Angelfish Produce Hybrid Offspring More Than Any Other Coral Reef Species

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Juvenile Angelfish Hybrid

A juvenile Pomacanthus imperator x P. annularis hybrid with striking intermediate patterns. Credit: Photograph by Y.K. Tea

There Are Many More Angelfishes in the Sea

Why do some fish species form hybrids while others don’t? In attempting to answer this question, new research has uncovered that angelfish are the chief hybridizers of coral reef fish.

Renowned journal Proceedings of the Royal Society B has a new front cover fish: the marine angelfish. It commands star power due to a new study highlighting the remarkably high incidence of and tendency for hybridization in this family (even between divergent species), more so than in any other group of coral reef fishes.

Hybridization refers to the process by which two different species mate and produce hybrid offspring.  

The research was led by Yi-Kai (Kai) Tea, PhD candidate at the University of Sydney’s School of Life and Environmental Sciences.

He and his colleagues, Professors Nathan Lo and Simon Ho, Dr. Joseph DiBattista from the Australian Museum, Jean-Paul Hobbs from the University of Queensland, and Federico Vitelli from Edith Cowan University, sought to explore why only some fishes create hybrids, and the factors that facilitate this.

Marine Angelfish Hybrids

Hybrids of marine angelfishes are often easily recognized due to their striking coloration. Offspring with hybrid ancestry often have varying levels of intermediate coloration patterns aligning with both parent species. Credit: Photographs by Y.K. Tea

After deciding to focus on “one of the most charismatic and iconic groups of coral reef fishes,” the marine angelfish, they found that 42 species – nearly half of all known species of marine angelfishes – create hybrids.

“This is among the highest incidences of hybridization in coral reef fishes,” Mr. Tea said.

Near-opposites attract

“We also found that hybrids are frequently produced even between angelfish species that are distantly related to each other; some separated by over 10 million years in evolutionary time.”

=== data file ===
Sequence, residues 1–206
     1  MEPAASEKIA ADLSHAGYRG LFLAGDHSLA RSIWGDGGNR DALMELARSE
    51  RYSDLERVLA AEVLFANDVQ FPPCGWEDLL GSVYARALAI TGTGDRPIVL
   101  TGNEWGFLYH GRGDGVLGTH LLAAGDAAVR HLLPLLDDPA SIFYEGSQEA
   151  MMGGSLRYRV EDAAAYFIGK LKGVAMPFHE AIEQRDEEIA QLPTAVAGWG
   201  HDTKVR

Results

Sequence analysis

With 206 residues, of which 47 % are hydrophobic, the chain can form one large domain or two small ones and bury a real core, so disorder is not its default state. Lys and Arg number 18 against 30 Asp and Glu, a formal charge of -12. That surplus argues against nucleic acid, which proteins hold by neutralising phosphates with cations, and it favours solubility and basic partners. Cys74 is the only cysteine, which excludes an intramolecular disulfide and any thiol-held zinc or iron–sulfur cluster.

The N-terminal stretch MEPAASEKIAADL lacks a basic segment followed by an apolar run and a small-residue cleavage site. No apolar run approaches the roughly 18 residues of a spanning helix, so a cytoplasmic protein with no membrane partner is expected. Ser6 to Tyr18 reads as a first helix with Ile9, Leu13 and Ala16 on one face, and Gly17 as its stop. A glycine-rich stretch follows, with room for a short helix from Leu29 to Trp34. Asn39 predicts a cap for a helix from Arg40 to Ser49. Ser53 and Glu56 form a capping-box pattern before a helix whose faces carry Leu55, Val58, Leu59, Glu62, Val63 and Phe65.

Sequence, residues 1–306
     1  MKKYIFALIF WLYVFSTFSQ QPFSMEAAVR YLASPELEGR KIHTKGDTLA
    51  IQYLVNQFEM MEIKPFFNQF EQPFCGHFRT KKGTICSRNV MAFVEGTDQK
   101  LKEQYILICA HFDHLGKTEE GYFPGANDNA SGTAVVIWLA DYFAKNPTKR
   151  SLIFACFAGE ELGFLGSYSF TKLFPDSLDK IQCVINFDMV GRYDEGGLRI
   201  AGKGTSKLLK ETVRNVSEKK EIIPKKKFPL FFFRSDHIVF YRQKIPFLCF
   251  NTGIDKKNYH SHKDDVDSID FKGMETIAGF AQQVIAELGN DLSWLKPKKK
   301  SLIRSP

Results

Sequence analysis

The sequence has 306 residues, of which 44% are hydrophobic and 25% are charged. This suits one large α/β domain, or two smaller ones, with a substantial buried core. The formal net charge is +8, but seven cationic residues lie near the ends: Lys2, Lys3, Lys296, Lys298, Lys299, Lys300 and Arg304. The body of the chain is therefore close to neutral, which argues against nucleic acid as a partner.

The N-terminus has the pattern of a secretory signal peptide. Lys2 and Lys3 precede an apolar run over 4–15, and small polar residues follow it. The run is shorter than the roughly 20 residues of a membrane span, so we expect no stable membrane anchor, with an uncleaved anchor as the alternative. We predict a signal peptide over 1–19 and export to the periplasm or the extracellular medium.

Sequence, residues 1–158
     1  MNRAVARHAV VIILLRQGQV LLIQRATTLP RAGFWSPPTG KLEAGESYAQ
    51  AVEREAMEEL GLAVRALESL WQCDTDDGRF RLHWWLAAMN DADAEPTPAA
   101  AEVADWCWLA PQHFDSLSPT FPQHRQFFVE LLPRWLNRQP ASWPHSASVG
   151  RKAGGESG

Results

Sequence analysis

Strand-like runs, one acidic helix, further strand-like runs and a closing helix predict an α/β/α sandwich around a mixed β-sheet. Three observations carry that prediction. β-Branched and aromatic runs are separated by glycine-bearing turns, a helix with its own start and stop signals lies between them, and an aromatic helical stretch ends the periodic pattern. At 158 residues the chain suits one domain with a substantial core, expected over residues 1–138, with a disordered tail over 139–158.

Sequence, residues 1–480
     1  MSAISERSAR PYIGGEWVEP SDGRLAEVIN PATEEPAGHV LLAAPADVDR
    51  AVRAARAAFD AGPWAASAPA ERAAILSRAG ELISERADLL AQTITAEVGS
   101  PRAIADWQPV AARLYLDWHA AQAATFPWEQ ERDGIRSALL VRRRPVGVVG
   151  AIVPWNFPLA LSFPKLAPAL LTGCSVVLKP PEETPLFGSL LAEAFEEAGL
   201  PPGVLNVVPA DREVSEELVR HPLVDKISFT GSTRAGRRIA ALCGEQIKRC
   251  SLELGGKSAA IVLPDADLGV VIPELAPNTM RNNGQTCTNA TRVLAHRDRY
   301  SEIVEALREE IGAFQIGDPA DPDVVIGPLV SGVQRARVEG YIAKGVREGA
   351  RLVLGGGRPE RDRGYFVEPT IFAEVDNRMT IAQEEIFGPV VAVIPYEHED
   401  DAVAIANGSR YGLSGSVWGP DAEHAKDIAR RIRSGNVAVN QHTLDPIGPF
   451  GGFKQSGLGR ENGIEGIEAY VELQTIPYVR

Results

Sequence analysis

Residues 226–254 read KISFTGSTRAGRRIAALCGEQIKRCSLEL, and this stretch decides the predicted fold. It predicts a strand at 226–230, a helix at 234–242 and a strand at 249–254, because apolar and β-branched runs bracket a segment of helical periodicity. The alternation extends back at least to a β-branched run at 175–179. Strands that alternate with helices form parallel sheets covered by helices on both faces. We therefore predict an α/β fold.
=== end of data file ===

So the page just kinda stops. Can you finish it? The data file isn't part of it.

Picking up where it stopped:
Peppermint Angelfish

A peppermint angelfish. Credit: University of Sydney

Other hybrids were found between species with over 12 percent pairwise distance in mitochondrial DNA. Pairwise distance is a measurement of differences in pairs of DNA sequences.

“This genetic separation is quite astounding, considering that hybrids are rarely reported between species that share more than 2 percent in genetic distance,” Mr. Tea said. “Though coral reef fish hybrids are common; they are usually formed by closely-related species.”

Boundless hybridization

A third key finding was that angelfish hybridize wherever different species exist. This contrasts with other coral reef fishes, which tend to only hybridize within certain zones of their shared habitats.

Angelfish Hybrids Genetic Tree

Advances in molecular techniques have made hybrid identification much easier, though identification of unilateral maternal inheritance of mitochondrial DNA. The squiggly hybrid of Paracentropyge venusta x P. multifasciata here has maternal ancestry from P. multifasciata. This remarkable hybrid is known from few museum specimens, with the Australian Museum Research Institute housing two species (AMS I. 48937¬-001 and AMS I. 48938-001). Credit: Photographs by Y.K. Tea, H. Senou, and J. Williams

“In terms of coral reef fish hybridization, much remains unanswered, particularly in the context of why, and how hybrids are formed. We still don’t know why some species hybridize and others don’t. For example, the regal angelfish, Pygoplites diacanthus, is found throughout the Indian and Pacific Oceans, yet no hybrids have ever been reported for this species,” Mr. Tea said.

“In terms of cracking the secrets to hybridization in coral reefs, we’ve only just scratched the surface.”

Reference: “Angels in disguise: sympatric hybridization in the marine angelfishes is widespread and occurs between deeply divergent lineages” by Yi-Kai Tea, Jean-Paul A. Hobbs, Federico Vitelli, Joseph D. DiBattista, Simon Y. W. Ho and Nathan Lo, 5 August 2020, Proceedings of the Royal Society B.
DOI: 10.1098/rspb.2020.1459

Y.-K.T. was funded by a Research Training Program Scholarship from the Australian Government and by an Australian Museum Research Institute Postgraduate Award. J.-P.A.H. was funded by the Australian Research Council (grant no. DE200101286). J.D.D. was funded by a Curtin University Early Career Research Fellowship. S.Y.W.H. and N.L. were funded by the Australian Research Council (grant nos FT160100167 and FT160100463, respectively).

 





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